|HP HOWTO: Utilisation and Configuration Guide of HP Products under Linux (Version 0.93)|
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The aim is not to examine completely or to compare the functions of the various operating systems available. It's more upon looking at the respective positions of Linux in comparaison with other systems. Only systems having a sufficient representation on the market are considered.
The situation taken by all the hardware manufacturers place Linux today in the entry level (when it's taken in account) and their own Unix system in the middle and high level. Reality is sometimes more cruel than the situation wanted by the marketing department :-). Technically, a Linux distribution has no cause to be envious of the manufacturers Unix solutions, except for the moment the set of commercial applications. And we can often see that users dope their workstations with free software to complete their usage.
To be precise in the talk, we should consider manufacturers Unix solutions as split in stations and servers.
On the station side, there's no doubt in my mind: for a customer, the only reason today to buy one is linked to the availability of a software or a hardware which wouldn't exist in the free environment, or due to intrinsic performances of the machine. In the first case, we can see that this argument should have a short life time, because logically every software editor (except maybe hardware manufacturers) and every hardware manufacturer has interest in porting their applications or allowing the use of their hardware on all the major environments in the market. As shown by Oracle, Informix, Sybase, ... Linux becomes today one of the major environments. In the second case, the difference in term of performances between the Linux dominant platform (IA-32) and the other competitors decreases and should even disappear with the availability of the IA-64 architecture, which seems to be adopted largely by a majority of actors. More over, Linux is often available natively on the processors of these actors (Sparc, Mips, PowerPC, 68xxx, Alpha, Crusoe, PA-Risc to come). I think Linux may represent the famous unique and standard Unix that everybody dreamed of from a long time, without succeeding to impose it (the open and free characteristics brought by Linux are not without influence on that). I think that at the end hardware manufacturer Unix workstations will be restricted to some niches such as high end computation, virtual reality, ... and that as long as solutions are not available on a free environment. Linux offers all the functional qualities of the other Unix systems, and thus of the workstation, on a more various hardware platform and potentially at a better price, if on PCs. So it is the natural choice of every computer engineer with a strong Unix culture (old customer of the workstation) who will prefer that solution to the migration to a Microsoft system typically.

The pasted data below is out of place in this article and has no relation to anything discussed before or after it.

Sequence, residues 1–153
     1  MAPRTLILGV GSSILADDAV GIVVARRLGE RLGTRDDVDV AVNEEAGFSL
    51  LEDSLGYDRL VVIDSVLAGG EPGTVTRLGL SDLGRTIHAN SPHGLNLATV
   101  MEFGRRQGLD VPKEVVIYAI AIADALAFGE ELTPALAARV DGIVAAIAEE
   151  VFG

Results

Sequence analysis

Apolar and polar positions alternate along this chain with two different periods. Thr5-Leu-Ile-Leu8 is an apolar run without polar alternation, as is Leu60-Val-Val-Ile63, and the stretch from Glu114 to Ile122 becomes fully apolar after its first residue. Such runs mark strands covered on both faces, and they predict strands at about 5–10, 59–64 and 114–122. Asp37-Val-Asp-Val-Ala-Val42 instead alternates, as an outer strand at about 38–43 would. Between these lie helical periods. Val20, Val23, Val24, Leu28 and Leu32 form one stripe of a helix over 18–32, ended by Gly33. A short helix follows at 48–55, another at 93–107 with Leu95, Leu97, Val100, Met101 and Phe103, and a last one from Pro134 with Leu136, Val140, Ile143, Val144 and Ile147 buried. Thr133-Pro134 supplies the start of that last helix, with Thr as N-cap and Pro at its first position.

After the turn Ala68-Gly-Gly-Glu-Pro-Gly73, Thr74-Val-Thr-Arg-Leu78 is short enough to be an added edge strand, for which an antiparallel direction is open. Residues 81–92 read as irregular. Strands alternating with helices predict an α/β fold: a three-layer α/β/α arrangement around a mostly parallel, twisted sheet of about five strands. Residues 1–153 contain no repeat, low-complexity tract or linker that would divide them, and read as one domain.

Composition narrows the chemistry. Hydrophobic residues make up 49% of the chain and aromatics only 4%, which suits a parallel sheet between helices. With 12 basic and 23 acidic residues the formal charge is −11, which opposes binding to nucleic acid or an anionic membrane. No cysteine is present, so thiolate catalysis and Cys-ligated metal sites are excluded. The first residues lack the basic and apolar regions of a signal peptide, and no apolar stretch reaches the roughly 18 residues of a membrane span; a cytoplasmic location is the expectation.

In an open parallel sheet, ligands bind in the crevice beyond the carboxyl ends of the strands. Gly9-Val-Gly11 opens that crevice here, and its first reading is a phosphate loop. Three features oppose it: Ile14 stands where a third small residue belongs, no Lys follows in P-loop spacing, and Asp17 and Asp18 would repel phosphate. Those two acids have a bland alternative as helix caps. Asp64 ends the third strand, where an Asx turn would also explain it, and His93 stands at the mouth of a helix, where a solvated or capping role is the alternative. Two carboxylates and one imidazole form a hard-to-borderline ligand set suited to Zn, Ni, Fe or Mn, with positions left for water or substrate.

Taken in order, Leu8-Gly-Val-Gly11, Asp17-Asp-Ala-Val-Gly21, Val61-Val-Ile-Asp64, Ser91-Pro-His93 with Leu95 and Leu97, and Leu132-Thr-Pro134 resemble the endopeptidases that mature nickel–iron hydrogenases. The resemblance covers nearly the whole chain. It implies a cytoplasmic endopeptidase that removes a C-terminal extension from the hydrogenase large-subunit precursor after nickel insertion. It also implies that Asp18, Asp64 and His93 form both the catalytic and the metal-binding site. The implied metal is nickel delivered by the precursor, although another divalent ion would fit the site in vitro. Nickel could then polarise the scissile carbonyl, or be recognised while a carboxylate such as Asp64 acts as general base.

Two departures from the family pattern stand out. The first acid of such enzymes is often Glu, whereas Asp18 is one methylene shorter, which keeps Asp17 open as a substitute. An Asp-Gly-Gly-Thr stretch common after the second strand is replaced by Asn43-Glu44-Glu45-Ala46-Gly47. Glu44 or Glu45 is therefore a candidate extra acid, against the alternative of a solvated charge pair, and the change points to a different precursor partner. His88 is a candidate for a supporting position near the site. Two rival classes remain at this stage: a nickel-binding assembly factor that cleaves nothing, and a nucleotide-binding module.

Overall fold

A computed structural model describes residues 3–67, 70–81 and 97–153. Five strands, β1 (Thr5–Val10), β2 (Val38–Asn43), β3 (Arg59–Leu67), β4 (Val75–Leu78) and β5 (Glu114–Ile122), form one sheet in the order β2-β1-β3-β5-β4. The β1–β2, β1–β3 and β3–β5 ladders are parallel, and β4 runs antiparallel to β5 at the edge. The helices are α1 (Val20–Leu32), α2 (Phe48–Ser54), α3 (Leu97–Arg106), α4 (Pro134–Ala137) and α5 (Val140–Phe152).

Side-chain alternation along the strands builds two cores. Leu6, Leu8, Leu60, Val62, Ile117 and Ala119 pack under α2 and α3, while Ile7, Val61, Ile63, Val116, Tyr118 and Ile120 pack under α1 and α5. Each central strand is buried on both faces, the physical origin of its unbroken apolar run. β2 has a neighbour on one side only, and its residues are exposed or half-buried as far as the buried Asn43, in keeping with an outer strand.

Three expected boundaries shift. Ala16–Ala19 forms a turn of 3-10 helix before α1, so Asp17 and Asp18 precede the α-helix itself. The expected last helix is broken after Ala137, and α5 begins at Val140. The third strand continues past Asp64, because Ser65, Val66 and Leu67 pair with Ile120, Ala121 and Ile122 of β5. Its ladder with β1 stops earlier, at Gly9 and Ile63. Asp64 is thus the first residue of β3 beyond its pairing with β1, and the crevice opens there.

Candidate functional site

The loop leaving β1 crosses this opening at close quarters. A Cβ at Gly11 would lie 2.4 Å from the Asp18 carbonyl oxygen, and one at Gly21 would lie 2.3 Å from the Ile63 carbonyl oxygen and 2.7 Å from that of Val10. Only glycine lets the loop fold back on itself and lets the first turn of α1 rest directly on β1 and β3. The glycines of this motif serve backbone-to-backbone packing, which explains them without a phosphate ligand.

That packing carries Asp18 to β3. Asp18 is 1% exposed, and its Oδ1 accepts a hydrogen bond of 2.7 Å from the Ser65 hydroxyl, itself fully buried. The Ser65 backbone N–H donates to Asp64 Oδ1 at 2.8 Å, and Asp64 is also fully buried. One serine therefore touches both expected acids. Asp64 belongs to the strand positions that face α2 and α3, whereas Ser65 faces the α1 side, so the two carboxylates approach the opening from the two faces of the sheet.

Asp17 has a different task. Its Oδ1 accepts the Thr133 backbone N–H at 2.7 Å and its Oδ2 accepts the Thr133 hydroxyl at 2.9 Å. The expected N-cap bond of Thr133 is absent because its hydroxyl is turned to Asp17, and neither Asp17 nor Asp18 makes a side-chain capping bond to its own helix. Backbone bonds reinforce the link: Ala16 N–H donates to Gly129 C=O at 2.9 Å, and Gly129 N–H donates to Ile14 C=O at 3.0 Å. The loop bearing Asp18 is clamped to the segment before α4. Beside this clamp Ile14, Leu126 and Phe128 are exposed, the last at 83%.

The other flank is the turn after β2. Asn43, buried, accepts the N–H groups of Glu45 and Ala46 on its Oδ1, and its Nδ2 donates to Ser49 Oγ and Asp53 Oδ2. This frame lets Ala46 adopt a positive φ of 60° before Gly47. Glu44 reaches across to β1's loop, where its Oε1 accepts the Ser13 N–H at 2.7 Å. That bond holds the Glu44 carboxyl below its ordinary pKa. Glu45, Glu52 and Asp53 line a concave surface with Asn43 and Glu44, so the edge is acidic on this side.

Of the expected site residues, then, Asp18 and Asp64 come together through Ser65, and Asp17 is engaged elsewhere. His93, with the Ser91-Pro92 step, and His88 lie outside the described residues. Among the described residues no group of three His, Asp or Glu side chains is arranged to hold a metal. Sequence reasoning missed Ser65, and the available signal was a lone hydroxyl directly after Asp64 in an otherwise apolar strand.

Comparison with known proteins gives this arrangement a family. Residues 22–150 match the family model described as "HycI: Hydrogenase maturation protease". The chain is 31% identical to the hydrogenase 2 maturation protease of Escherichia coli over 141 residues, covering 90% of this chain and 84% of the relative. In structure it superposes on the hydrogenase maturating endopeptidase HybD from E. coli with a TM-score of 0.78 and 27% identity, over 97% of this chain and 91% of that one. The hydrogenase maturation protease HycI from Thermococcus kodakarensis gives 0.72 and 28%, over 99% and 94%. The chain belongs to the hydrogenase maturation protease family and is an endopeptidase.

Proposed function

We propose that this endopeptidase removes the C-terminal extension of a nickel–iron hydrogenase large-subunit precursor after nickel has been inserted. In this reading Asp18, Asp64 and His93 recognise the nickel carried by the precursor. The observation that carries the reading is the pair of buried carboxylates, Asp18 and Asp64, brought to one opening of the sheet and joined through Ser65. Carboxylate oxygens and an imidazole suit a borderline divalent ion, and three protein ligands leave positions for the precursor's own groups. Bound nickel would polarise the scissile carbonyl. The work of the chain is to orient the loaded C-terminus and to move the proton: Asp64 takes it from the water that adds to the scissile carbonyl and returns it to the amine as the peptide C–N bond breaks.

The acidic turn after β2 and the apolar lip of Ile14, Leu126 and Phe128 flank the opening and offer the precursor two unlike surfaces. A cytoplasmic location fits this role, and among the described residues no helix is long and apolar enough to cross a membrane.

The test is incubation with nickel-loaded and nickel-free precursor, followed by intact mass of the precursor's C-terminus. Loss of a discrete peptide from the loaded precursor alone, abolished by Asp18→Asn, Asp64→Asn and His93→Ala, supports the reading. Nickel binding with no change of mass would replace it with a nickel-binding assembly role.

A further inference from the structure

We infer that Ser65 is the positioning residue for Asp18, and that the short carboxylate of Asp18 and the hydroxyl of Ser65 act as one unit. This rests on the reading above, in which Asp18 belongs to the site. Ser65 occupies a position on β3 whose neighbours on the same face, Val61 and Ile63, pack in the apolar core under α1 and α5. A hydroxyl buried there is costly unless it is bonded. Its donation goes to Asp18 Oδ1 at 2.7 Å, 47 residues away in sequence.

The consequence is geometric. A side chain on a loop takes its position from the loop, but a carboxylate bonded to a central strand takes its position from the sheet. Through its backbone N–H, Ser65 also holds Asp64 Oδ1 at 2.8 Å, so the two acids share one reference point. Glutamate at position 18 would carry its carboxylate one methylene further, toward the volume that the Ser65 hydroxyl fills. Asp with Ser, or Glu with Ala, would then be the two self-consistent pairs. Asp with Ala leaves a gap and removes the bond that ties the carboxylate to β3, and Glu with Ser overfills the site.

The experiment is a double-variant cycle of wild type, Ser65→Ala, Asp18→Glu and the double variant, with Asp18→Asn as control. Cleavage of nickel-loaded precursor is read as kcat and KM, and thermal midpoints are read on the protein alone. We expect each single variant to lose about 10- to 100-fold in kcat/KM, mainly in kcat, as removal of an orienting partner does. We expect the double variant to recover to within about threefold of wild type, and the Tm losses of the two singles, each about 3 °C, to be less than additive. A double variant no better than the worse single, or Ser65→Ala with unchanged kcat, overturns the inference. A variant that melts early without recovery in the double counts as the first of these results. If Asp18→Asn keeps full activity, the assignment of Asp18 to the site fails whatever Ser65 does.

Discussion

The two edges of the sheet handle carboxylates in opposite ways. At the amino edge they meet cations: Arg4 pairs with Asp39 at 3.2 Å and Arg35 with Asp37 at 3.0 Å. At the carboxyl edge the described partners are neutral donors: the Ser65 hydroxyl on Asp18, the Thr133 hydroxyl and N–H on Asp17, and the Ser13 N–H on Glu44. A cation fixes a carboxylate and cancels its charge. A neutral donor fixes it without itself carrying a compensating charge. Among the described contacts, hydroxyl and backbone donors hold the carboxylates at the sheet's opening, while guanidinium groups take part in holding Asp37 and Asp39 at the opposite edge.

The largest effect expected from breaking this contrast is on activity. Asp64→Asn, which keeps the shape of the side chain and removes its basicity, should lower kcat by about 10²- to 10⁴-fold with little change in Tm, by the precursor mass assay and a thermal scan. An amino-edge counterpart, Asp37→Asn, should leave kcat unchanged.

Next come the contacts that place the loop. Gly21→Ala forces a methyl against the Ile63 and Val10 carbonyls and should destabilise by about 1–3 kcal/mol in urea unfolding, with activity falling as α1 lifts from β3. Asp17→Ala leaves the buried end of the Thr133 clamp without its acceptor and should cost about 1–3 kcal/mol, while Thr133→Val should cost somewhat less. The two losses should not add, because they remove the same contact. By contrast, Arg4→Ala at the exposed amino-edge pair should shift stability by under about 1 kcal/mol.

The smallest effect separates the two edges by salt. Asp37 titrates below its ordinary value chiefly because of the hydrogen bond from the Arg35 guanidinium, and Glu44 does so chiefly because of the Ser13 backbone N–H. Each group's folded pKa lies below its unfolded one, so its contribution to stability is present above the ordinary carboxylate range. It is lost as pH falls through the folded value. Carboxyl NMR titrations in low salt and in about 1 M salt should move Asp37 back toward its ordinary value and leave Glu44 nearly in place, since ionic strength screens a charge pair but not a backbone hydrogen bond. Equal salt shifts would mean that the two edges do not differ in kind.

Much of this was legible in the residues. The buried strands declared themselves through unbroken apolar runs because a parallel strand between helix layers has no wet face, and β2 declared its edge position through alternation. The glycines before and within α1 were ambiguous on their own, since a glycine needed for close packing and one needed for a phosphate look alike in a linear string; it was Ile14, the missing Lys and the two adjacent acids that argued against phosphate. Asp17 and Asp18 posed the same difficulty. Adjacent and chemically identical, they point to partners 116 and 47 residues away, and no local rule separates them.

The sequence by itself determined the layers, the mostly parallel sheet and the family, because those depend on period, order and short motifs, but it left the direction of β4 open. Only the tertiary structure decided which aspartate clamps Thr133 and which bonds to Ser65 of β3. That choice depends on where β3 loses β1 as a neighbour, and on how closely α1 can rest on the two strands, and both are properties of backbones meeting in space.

On the server side, in addtion to the points mentionned previously for the stations, problems are more complex. Ram, disks, processors capacities, extensions of every kind make them difficultly repleacable by machines with a IA-32 architecture for example. More over, certain solutions such as high availability clusters for example are not already in production in a Linux environment. The other brake is often linked to investments already done around software solutions deployed on these servers. Whatever their natural life time is much higher than those of the stations. Changes will thus be made more slowly in that domain. Here we can consider rightly Linux solutions as an entry/middle level solutions, when hardware manufacturer Unix servers are the middle/high level. The introduction of Linux in place of these machines will begin only with a massive availability of applications, mainly in the management sector.